Still, I know very little about what is inside the crust of the Earth, and am comfortable with that.  I couldn’t tell you much about sediments, or thermochronologic studies.  I feel if I learned the models of geology, or how geologists use micro-computed tomography, it would not overlap much with my other interests.  I could be wrong about that, but currently am short on time for figuring out and correcting such possible errors.

So no, I am not all that interested in geology, but it doesn’t hold such a special status either!  I am not interested in most things.  Geology may well come in above average.

One lesson of this post is that it is possible to be interested in things one is not interested in, and vice versa.

The Barbary Pirates

Rumors held that as many as sixty Barbary men-of-war were actively prowling the English Channel, waiting for the opportunity to capture more product for the slave markets of Algiers and Tripoli. For most of the seventeenth century, an English or Irish family living near the coast confronted the real possibility that the might be hauled off without warning….[the] numbers suggest that the odds of sudden enslavement by Barbary pirates were far higher for the average Devonshire resident than the odds of experiencing a terrorist attack in a modern-day Western City.

From Steven Johnson’s excellent Enemy of All Mankind, about which I will say more later.

The Jeff Holmes Conversation with Tyler Cowen

Jeff is the CWT producer, and it has become our custom to do a year-end round-up and summary.  Here is the transcript and audio and video.  Here is one excerpt:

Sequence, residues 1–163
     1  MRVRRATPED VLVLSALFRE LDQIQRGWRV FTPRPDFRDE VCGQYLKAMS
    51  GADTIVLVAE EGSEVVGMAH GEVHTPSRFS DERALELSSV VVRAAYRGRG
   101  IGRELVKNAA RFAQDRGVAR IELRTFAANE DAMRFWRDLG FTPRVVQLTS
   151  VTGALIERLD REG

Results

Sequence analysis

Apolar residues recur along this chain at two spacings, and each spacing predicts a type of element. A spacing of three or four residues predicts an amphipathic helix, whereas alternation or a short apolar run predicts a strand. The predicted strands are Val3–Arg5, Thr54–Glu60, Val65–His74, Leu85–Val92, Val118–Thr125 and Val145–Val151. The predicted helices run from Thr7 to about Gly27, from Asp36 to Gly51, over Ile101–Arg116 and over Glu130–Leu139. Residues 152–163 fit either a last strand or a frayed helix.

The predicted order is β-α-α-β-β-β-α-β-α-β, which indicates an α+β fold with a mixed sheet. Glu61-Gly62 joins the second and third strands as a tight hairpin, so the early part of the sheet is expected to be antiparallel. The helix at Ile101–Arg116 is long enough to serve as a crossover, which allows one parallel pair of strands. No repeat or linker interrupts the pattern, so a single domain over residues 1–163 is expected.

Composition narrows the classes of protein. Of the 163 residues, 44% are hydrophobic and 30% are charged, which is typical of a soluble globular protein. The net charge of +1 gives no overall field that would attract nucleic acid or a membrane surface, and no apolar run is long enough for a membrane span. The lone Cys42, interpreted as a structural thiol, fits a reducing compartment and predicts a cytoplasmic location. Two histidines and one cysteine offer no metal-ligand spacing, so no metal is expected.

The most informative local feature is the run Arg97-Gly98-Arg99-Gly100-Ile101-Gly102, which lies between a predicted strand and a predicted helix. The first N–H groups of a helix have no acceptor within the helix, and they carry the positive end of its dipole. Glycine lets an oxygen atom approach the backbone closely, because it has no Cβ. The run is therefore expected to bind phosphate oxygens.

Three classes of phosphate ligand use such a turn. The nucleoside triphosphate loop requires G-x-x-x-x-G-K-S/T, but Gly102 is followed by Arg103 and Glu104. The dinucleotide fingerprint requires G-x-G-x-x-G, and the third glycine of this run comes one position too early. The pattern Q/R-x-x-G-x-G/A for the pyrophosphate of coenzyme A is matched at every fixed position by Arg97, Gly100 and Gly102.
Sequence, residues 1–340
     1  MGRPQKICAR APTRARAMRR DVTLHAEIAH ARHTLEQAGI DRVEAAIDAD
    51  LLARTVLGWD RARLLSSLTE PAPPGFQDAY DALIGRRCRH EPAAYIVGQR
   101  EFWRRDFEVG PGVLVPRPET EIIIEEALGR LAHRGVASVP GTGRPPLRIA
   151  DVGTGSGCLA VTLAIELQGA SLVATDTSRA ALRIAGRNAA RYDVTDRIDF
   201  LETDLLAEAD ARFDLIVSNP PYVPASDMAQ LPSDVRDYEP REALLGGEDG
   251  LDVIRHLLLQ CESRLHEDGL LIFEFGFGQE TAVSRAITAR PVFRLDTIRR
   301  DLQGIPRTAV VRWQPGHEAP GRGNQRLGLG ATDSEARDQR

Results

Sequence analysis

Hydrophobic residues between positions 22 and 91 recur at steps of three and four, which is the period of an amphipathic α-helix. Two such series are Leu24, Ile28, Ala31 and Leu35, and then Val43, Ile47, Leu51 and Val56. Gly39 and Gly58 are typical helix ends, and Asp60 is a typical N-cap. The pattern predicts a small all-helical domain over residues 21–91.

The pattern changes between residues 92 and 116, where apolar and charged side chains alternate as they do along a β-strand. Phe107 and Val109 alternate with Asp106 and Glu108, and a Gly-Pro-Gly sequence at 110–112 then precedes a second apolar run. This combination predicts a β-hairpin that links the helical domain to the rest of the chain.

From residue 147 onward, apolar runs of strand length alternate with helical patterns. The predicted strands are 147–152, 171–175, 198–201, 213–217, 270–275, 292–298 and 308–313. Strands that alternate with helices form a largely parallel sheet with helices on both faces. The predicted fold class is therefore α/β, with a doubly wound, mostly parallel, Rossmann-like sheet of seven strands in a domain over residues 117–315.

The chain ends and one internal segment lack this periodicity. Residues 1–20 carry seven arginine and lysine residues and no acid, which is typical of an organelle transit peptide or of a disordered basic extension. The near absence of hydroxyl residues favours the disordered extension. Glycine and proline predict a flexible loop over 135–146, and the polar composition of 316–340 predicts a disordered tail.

HOLMES: …Okay, let’s go through your 2011 list really quickly.

COWEN: Sure.

HOLMES: All right, number one — in no particular order, I think — but number one was Incendies. Do you remember what that’s about?

COWEN: That is by the same director of Dune.

HOLMES: Oh, is that Denis Villeneuve?

COWEN: Yes, that’s his breakthrough movie. It’s incredible.

HOLMES: I didn’t know that. I’d never heard of it. French Canadian movie, mostly set in Lebanon.

COWEN: Highly recommended, whether or not you like Dune. That was a good pick. It’s held up very well. The director has proven his merits repeatedly, and the market agrees.

HOLMES: I’m a fan of Denis Villeneuve. Obviously, Arrival was great. I can’t think of the Mexican drug movie off the top of my head.

COWEN: Is it Sicario?

HOLMES: Sicario — awesome.

COWEN: It was interesting, yes.

HOLMES: He is one of the only directors today where, when he now makes something, I know I will go and see it.

COWEN: Well, you must see Incendies. So far, I’m on a roll. What’s next?

HOLMES: All right, number two: Uncle Boonmee Who Can Recall His Past Lives.

COWEN: Possibly the best movie of the last 20 years. I’m impressed by myself. It’s a Thai movie. It’s very hard to explain. I’ve seen it three times since. A lot of other people have it as either their favorite movie ever or in a top-10 status, but a large screen is a benefit. If you’re seeing the movie, pay very close attention to its sounds and to the sonic world it creates, not just the images.

There are numerous interesting observations in the dialogue, including about some of the guests and episodes.


Why has classical music declined?

In the comments, Rahul asked that question as follows:

In general perception, why are there no achievements in classical music that rival a Mozart, Bach, Beethoven etc. that were created in say the last 50 years?